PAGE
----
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Economic Overview

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Laos is a rather poor country compared to its neighbours but has experienced very strong growth in recent years (averaging just below 8% in the last decade, driven by the exploitation of its mining and hydroelectric resources), placing the country among the fastest-growing economies in the world. Nevertheless, Laos’ economy was severely affected by the global crisis caused by the COVID-19 pandemic, with GDP growth turning negative in 2020 (-0.4%). The economy recovered in 2021, although a new wave of infections in the second half of the year prompted the reintroduction of lockdowns. The IMF estimated growth at 2.1% in 2021, with a brighter outlook for 2022 (4.2%) and 2023 (4.5%). Electricity (representing around one-tenth of GDP and one-fourth of exports) will continue to be a key driver of growth in 2022, with a positive contribution coming from the agricultural sector; whereas the mining and tourism industries should be subdued.

The country’s public finances are somehow fragile. The debt-to-GDP ratio went up to 70.9% in 2021, from 61.6% before the pandemic (IMF): although not particularly high, 80% of it is denominated in foreign currency and externally held (almost half of the public debt is held by China alone). The impact of the COVID-19 pandemic also affected government revenues, which amounted to LAK 24.099 trillion in the first 11 months of 2021, equivalent to 87% of the target figure. Overall, Coface estimated the budget deficit at 5.6% of GDP in 2021, with a better outlook for 2022 (5.3%), as revenue will continue to improve and spending should grow at a slower pace. In 2022, the government plans to collect LAK 31.59 trillion in revenue, representing 16.44% of GDP, with expenditure set at LAK 34.96 trillion (18.05% of GDP). In the same year, the current account deficit is set to narrow slightly as a recovery in external demand should contribute to an improvement in the trade balance. Inflation was relatively high in 2021 (4.9%), but it is expected to gradually ease over the forecast horizon (3.7% this year and 3.1 in 2023, according to the IMF). Mega infrastructure projects are expected to contribute to economic growth in the upcoming years, with projects such as the Luang Prabang dam, the Vientiane-Boten high-speed train line, and the USD 2 billion investments of the Laos Transmission Company Ltd to improve power transmission lines to neighbouring countries. The construction of various highways and rail lines linking up with the Chinese border is also expected to highlight the "land-linked" status of the country. The Lao People's Revolutionary Party is the only allowed party in the country and has been governing since 1975. It has a Marxist–Leninist ideology and controls most of the political and economic aspects of the society, with no real organized opposition.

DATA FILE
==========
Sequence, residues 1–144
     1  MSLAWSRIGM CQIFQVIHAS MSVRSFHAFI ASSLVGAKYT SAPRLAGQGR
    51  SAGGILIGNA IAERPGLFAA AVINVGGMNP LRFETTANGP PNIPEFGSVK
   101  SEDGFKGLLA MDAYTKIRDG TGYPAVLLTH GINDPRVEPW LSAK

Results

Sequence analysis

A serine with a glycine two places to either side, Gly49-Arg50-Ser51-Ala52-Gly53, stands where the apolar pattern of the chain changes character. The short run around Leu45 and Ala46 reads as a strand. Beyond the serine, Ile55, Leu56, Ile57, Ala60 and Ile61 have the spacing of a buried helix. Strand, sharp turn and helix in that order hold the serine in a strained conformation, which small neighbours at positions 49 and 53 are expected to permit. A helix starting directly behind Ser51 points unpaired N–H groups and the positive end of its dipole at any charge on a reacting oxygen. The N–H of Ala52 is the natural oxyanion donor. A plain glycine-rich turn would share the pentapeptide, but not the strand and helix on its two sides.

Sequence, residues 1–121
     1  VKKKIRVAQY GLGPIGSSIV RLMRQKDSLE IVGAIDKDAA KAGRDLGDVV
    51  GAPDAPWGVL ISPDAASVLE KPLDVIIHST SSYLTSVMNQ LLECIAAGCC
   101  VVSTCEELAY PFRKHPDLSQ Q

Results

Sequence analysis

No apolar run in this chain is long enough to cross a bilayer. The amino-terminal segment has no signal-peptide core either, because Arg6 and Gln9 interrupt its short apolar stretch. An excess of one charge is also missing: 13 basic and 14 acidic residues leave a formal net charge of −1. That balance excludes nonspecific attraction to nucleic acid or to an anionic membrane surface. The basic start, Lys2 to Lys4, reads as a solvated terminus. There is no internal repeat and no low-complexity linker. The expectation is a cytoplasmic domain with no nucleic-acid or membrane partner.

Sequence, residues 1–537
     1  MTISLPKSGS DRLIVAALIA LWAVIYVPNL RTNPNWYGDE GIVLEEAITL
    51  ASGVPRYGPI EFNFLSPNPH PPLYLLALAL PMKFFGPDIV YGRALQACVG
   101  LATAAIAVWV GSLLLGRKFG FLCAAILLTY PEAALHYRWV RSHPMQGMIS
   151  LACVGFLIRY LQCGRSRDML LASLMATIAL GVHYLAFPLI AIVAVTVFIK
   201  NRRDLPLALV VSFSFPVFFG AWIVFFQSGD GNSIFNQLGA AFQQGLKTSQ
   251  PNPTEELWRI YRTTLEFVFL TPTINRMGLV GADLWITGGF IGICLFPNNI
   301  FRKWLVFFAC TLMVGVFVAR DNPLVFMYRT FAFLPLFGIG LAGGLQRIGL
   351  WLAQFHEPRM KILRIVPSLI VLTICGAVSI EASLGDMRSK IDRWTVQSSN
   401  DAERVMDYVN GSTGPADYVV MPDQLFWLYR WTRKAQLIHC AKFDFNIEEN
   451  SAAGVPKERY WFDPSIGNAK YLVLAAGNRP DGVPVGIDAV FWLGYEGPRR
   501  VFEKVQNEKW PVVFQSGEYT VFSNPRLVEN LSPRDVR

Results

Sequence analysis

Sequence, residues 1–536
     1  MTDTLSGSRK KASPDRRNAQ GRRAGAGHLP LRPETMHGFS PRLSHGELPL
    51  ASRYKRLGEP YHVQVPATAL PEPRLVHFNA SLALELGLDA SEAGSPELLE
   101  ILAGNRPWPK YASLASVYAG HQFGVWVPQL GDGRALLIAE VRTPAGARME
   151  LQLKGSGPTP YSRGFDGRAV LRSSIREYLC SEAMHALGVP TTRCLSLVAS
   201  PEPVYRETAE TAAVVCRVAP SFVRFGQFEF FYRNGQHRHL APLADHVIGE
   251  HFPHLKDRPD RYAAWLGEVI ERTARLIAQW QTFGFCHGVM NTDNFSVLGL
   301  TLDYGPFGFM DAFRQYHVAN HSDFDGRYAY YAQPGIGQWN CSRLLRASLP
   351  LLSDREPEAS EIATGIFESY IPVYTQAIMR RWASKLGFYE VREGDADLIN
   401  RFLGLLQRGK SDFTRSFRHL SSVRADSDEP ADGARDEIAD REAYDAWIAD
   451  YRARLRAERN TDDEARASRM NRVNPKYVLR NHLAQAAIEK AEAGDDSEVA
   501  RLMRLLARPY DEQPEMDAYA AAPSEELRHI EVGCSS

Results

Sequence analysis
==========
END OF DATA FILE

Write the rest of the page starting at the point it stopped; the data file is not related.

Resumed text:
According to the World Bank, Laos is part of the lower tier of the 'middle-income countries' despite the fact that around 18.33% of the population continues to lives below the poverty line. The level of education is low and the living conditions in rural areas (home to almost 65% of the active population) are precarious. Inequalities with the urban zones are widening, also. Unemployment in the country was estimated at around 1% of the total labour force in 2020 (World Bank, latest data available): although no reliable official figures are available, the ILO estimates that the share of informal employment in the country is among the highest in the world. Figures from the Lao Federation of Trade Unions (LFTU) show that the nation’s unemployment rate was estimated at 9.24% in 2020, with an expected increase to 21.8% in 2021 due to the effects of the pandemic on the economy.

Main Indicators 201920202021 (e)2022 (e)2023 (e)
GDP (billions USD) 18.7718.8219.3820.6321.82
GDP (Constant Prices, Annual % Change) 4.7-
GDP per Capita (USD) 2,6182,5872,6262,7582,878
General Government Gross Debt (in % of GDP) 61.1e68.270.971.672.5
Inflation Rate (%) 3.35.1e4.93.73.1
Current Account (billions USD) -1.71-0.84-1.21-1.43-1.61